Delphi: The bellybutton of the ancient world

Nov 22, 2010
Delphi: The bellybutton of the ancient world

Look beyond simply the famed oracular priestess breathing in hallucinogenic gases and you find a place whose past speaks directly to the 21st century.

That is the argument of Cambridge University's Dr Michael Scott who is researching how and why Delphi, a small Greek town and religious sanctuary perched on a difficult to reach mountainside, was for 1,000 years the proclaimed 'omphalos', the 'bellybutton', the very centre of the ancient world.

Famed for its oracle at the Temple of Apollo, he is also examining the evidence of Delphi's many other gods, athletic and musical games and the monuments to unity - as well as civil war - that crowded its religious sanctuaries.

Dr Scott, who tonight presents the BBC 4 documentary - Delphi: Bellybutton of the Ancient World (9pm), uses the latest architectural plans of the temple of Apollo (published July 2010), which reveal for the first time archaeological traces of what may have been the oracular priestess's consultation room inside the temple.

He also argues that the town, which drew kings and emperors as well as cities and commoners from all corners of the Mediterranean world and beyond, still speaks as powerfully to us today as it did in the past.

He said: "Imagine a place with the wealth of the Swiss banks, the religious power of the Vatican, the advertising potential of the World Cup and the historical importance of all the world's museums combined; that was Delphi.

"And its two great maxims: 'Know Thyself' and 'Nothing in Excess', can be applied to modern life as easily as they could to the .

"The excitement surrounding Paul the octopus forecasting World Cup results shows that - despite the very different world in which we now live - we are every bit as fascinated by the concept of knowing the future as the people who made their way to speak to the Oracle at Delphi. We would all like to know what the future has in store for us. In that, perhaps the most important thing Delphi teaches us is to look inward, to answer the important questions ourselves, to 'know thyself'.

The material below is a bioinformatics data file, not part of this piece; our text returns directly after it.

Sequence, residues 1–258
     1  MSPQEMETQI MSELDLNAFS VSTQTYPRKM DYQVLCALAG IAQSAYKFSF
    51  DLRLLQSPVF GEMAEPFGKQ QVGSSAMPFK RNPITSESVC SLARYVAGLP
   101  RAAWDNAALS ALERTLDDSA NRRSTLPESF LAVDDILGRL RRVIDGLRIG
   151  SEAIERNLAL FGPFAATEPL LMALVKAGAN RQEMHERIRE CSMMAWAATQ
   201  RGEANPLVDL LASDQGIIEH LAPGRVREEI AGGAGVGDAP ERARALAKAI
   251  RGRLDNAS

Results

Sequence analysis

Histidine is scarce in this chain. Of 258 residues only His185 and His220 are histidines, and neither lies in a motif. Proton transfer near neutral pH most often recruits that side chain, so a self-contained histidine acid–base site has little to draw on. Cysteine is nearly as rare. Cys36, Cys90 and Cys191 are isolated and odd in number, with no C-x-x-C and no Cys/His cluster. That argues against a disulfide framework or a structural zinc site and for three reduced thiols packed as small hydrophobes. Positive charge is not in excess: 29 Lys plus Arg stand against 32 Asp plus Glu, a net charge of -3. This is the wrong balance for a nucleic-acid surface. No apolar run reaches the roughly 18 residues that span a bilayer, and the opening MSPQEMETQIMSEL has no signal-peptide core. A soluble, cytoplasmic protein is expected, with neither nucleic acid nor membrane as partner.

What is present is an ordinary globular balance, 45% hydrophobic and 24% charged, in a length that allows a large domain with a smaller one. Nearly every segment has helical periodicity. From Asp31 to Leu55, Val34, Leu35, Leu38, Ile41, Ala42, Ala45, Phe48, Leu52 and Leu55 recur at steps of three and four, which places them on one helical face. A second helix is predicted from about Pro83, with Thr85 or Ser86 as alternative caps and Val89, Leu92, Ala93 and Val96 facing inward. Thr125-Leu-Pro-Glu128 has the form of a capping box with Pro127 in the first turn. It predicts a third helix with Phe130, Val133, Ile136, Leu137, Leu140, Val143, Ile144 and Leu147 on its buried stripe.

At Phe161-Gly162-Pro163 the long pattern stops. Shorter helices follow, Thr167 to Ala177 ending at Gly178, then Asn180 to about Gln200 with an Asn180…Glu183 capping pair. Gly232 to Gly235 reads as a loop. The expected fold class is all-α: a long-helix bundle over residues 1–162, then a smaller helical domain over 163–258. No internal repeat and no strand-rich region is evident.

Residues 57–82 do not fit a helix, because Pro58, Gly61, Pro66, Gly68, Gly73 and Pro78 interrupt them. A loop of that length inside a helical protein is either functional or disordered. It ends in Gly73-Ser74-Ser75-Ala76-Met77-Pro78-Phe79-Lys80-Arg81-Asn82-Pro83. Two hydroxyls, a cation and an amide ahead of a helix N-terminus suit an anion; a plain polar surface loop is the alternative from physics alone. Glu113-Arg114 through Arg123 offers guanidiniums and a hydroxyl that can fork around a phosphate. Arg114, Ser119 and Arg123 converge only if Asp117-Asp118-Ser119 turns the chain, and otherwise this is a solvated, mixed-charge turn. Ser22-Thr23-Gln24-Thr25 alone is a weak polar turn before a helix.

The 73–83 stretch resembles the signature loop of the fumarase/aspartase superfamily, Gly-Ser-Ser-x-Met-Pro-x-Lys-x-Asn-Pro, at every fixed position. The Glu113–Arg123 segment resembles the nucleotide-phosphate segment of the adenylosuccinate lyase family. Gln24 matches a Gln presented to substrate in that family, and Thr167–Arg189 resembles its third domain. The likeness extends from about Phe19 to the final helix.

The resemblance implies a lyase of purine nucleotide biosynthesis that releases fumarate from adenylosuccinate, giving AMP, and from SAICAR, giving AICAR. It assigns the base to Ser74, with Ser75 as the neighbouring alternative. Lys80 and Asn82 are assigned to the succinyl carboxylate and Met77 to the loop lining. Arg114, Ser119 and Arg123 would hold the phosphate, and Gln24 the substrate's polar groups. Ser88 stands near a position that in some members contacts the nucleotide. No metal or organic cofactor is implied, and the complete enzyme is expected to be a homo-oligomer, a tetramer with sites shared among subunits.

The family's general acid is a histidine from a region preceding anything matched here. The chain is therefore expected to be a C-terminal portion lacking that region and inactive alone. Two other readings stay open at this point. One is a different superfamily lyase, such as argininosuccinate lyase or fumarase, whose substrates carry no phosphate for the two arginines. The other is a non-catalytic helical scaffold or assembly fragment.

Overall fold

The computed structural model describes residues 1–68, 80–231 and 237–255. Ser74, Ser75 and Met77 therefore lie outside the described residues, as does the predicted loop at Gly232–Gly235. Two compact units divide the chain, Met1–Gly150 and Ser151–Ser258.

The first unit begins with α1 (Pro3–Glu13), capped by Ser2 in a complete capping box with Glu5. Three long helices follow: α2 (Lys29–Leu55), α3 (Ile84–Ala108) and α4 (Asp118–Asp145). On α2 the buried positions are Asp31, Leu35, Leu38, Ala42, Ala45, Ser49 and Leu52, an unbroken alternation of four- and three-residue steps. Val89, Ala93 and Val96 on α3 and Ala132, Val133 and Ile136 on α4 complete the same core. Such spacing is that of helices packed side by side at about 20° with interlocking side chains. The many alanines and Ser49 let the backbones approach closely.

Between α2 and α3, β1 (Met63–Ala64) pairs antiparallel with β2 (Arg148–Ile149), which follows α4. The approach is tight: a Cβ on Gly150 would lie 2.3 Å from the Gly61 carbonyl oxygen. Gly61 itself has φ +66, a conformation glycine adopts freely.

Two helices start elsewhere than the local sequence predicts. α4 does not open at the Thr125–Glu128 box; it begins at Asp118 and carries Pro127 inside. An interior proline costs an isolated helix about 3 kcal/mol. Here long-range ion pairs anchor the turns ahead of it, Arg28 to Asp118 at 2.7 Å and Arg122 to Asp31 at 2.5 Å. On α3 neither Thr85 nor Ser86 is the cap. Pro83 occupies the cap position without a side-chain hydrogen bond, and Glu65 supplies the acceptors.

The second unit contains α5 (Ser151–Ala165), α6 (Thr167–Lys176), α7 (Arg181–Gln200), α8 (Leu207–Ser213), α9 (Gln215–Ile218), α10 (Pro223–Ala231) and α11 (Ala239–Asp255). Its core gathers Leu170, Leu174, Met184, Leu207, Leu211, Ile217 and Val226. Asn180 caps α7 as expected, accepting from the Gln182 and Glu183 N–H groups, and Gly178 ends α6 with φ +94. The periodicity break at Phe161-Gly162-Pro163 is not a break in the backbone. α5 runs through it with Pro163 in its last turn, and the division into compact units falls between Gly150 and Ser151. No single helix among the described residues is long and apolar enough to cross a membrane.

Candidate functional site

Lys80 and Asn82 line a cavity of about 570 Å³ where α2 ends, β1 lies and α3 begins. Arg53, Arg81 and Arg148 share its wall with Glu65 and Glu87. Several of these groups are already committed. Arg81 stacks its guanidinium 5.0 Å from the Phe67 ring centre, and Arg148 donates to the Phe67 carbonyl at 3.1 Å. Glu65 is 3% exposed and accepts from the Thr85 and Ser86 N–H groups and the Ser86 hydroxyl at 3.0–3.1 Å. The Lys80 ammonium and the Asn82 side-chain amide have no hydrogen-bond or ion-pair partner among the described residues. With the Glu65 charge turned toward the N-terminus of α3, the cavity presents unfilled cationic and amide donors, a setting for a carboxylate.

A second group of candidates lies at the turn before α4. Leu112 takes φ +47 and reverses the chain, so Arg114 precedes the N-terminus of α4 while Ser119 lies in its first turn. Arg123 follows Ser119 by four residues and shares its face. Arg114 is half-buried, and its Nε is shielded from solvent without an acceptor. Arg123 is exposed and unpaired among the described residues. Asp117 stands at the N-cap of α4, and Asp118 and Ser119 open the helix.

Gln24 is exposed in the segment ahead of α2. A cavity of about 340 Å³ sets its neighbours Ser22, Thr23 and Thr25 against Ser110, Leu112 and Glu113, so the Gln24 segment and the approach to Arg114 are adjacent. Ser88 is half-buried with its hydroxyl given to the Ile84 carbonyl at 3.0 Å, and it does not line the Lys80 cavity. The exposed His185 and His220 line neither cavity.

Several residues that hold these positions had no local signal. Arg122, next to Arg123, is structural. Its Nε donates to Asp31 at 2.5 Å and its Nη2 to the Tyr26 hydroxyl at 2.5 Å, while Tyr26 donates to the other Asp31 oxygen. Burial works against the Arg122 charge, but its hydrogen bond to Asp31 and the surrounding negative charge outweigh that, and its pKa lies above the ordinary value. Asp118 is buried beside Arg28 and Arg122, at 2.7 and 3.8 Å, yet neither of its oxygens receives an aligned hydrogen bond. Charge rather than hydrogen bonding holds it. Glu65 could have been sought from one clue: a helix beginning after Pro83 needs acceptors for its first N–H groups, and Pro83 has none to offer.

"Equally, the message of 'Nothing in Excess', at a time of financial ruin and global recession, could barely strike a greater chord; that is why Delphi and its 1,000 years as the centre of the ancient world is so important today."

The discovery of Delphi, begun over 100 years ago when excavators had to remove the entire modern community on top of the ancient site, continues unabated to this day. In the 1990s, geologists proved the presence of hallucinogenic gases at Delphi.

Dr Scott's own research (published by Cambridge University Press in 2010: Delphi and Olympia) provides a new assessment of the many monuments within the sanctuary which gave Delphi its unique character, value and place in the ancient world.

Dr Scott added: "What fascinates me is the duality of Delphi. It was a place that brought people together and yet made their victories over each other equally clear. In that, it reflects the complex realities of our own modern day international organisations, like the EU and UN, with which Delphi has often been compared.

"Delphi was made a World Heritage Site because of its 'enduring mission to bring together men and women who otherwise remain divided by material interest' (ICOMOS). Today, it continues to do that, but at the same time it does more. It reminds us, by providing a visual monumental history book of the ancient world, of the limits and realities of our own humanity. In giving us a fascinating window into the past, it also opens up a window for understanding ourselves."

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